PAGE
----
After two days of rest in Rognan with continuous rain and corresponding inactivity, I set out on the next leg with the replacement boots that arrived just on time. This stage I had to change and replan completely because of the snow conditions. The visit of the Svartisen glacier is postponed to another time.
The restart into a new stage is always a bit special. Do I have enough food in case I don’t make good progress? Where are the possibilities to stock up? What challenges await me? How will my body and the weather develop? And actually it was so comfortable now, with varied food and doing nothing…
Drizzle was a constant companion during the first 3 days, hood, rain pants and gloves always on and the ground wet and slippery. So you are fully concentrated on where to put the next step and where the next trail marker is. You hardly notice the gray surroundings. If the path is good, you’ll be on your way quickly.
With the view constantly downward I seize however also, how the vegetation and fauna changed. Suddenly not only a cackling ptarmigan flutters out of the bushes, but there are about 10 chicks running for their still short life. Impressive was when I flushed a capercaillie hen. This critter was more than twice the size of the ptarmigan and her scolding was almost deafening. The majority of the reindeer have now changed their white winter coat to brown summer dress. Soon the cloudberries will be ripe, too. Their shape is already clearly formed and they just have to ripen. Another striking marsh plant is now in full bloom (pedicularis oederi Hornem). Originally it was conspicuous for its purple stem and leaves. Now it blooms lush yellow with red-purple tips. In recent days, mushrooms have also shot out to the ground everywhere. The signs are obviously increasing that autumn will soon announce itself, although in many areas it is still winter. With overcast skies I noticed that it is getting darker again and I can no longer hike around the clock, but in bad weather should have reached the overnight place around 8 o’clock in the evening. These are also signs that I will soon have reached the half of my tour. I am now south of the Arctic Circle and on the Virvasshytta I met the second Norge på langs hiker. She had started on May 9 at the Norwegian-Swedish border south of Oslo. Such encounters will probably become more frequent in the coming days and probably weeks, depending on each other’s route. These exchanges are always a good opportunity to get to know people and their experiences as well as information about route, accommodations and food options. Less reliable, because very individually characterized are, in my experience, the assessment of the path condition. My odometer also indicates that, depending on the choice of route in the south, the halfway point is imminent.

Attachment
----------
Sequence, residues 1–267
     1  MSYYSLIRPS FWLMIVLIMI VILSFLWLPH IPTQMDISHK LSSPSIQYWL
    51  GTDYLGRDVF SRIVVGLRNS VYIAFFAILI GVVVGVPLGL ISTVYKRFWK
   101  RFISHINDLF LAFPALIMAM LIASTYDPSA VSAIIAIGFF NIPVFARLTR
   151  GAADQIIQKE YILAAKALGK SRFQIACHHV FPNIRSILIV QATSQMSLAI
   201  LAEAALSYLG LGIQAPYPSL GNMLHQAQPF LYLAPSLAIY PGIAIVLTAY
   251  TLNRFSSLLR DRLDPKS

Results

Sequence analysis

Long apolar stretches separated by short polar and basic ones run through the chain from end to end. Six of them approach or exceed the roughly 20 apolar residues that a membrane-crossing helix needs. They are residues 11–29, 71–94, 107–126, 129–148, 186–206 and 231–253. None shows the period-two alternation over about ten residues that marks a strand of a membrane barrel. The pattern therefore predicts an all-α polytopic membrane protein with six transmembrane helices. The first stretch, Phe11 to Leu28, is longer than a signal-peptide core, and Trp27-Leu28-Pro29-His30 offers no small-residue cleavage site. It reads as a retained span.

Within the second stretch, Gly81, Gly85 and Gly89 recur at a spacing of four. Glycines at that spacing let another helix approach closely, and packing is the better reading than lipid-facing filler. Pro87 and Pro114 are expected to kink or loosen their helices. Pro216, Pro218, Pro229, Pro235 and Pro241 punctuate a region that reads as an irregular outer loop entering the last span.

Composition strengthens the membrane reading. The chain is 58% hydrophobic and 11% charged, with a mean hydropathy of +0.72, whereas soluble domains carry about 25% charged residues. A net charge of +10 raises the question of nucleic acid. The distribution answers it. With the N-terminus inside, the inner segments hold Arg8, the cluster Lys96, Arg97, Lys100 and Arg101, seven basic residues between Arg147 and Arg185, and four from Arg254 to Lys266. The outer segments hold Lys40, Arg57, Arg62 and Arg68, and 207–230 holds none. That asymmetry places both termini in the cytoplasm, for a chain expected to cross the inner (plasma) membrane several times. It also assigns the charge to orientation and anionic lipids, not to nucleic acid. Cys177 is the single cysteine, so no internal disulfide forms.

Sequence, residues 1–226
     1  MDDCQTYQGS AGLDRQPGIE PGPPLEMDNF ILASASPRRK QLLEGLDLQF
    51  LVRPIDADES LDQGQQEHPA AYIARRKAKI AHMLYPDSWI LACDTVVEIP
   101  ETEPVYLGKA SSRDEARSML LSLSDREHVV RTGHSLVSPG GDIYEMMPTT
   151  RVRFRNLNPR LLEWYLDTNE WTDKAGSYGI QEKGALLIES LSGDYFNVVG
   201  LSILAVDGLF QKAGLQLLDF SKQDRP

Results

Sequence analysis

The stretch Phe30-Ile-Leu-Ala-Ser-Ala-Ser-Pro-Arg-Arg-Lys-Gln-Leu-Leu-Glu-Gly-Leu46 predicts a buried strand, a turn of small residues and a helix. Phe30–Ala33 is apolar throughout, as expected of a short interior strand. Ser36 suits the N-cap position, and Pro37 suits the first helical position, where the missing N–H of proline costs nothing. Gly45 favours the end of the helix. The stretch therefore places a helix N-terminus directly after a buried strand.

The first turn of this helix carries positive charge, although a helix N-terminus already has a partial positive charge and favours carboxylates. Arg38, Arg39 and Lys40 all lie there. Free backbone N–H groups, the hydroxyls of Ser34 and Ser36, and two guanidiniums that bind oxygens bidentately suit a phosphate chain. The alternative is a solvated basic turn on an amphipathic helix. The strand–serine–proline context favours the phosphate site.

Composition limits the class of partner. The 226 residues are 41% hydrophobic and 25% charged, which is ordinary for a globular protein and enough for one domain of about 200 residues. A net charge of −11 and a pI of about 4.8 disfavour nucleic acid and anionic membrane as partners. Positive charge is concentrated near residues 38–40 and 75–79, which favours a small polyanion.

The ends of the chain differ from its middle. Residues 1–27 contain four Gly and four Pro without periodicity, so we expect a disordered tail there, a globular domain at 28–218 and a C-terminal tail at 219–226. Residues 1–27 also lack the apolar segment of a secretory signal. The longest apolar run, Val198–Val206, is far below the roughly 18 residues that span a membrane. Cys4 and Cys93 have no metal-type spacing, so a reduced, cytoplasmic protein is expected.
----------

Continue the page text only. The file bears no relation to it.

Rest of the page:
The Phantom For the first time I took note in the Somashytta north of Halti in the hut visit log of a retired Austrian who had also started on Kinnarodden a week before me. On the way to Kilpisjärvi I was told about an encounter with him. After my rest days there we were both at the same time in the Dærtahytta. He was already asleep when I arrived and was gone when I peeled myself out of bed. Since then I could not see him anywhere and had forgotten him again. After spending the night near the Arctic Circle, I stopped for breakfast in Bolnastua, about 2 hours away. There, according to the hut visit protocol, he must have left shortly before for Virvasshytta, my destination for the day. And so it was: he sat in front of the door in the sun and talked with a Swedish couple who had also just arrived. It quickly turned out that Peter lives just across the Rhine in Vorarlberg. So I was able to speak Swiss German for the first time on my journey. Peter is 8 years older than me and we both appreciated not being the complete exotic among the much younger tourers for once. We met the following day still in the Kvitsteindalstunet cabin, where Peter had already arrived after 7.5 hours of hiking for some time, when I arrived at 1 pm after 5 hours walk. He enjoys there a rest day on a hut, before he will then direct his journey home in approx 2-3 weeks. I ate lunch there and after 2 hours of chatting to I moved still 15 km on to Sauvasshytta, benefit from the good weather.